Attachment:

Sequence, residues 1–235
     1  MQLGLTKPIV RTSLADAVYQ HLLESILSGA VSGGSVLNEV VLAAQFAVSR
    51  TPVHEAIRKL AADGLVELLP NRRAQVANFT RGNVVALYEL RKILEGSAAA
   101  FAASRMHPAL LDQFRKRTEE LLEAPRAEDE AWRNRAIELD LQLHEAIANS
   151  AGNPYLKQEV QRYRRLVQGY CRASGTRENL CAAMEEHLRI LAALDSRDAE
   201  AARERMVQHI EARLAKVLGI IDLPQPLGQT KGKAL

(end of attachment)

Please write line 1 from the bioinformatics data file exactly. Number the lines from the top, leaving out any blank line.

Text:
Sequence, residues 1–235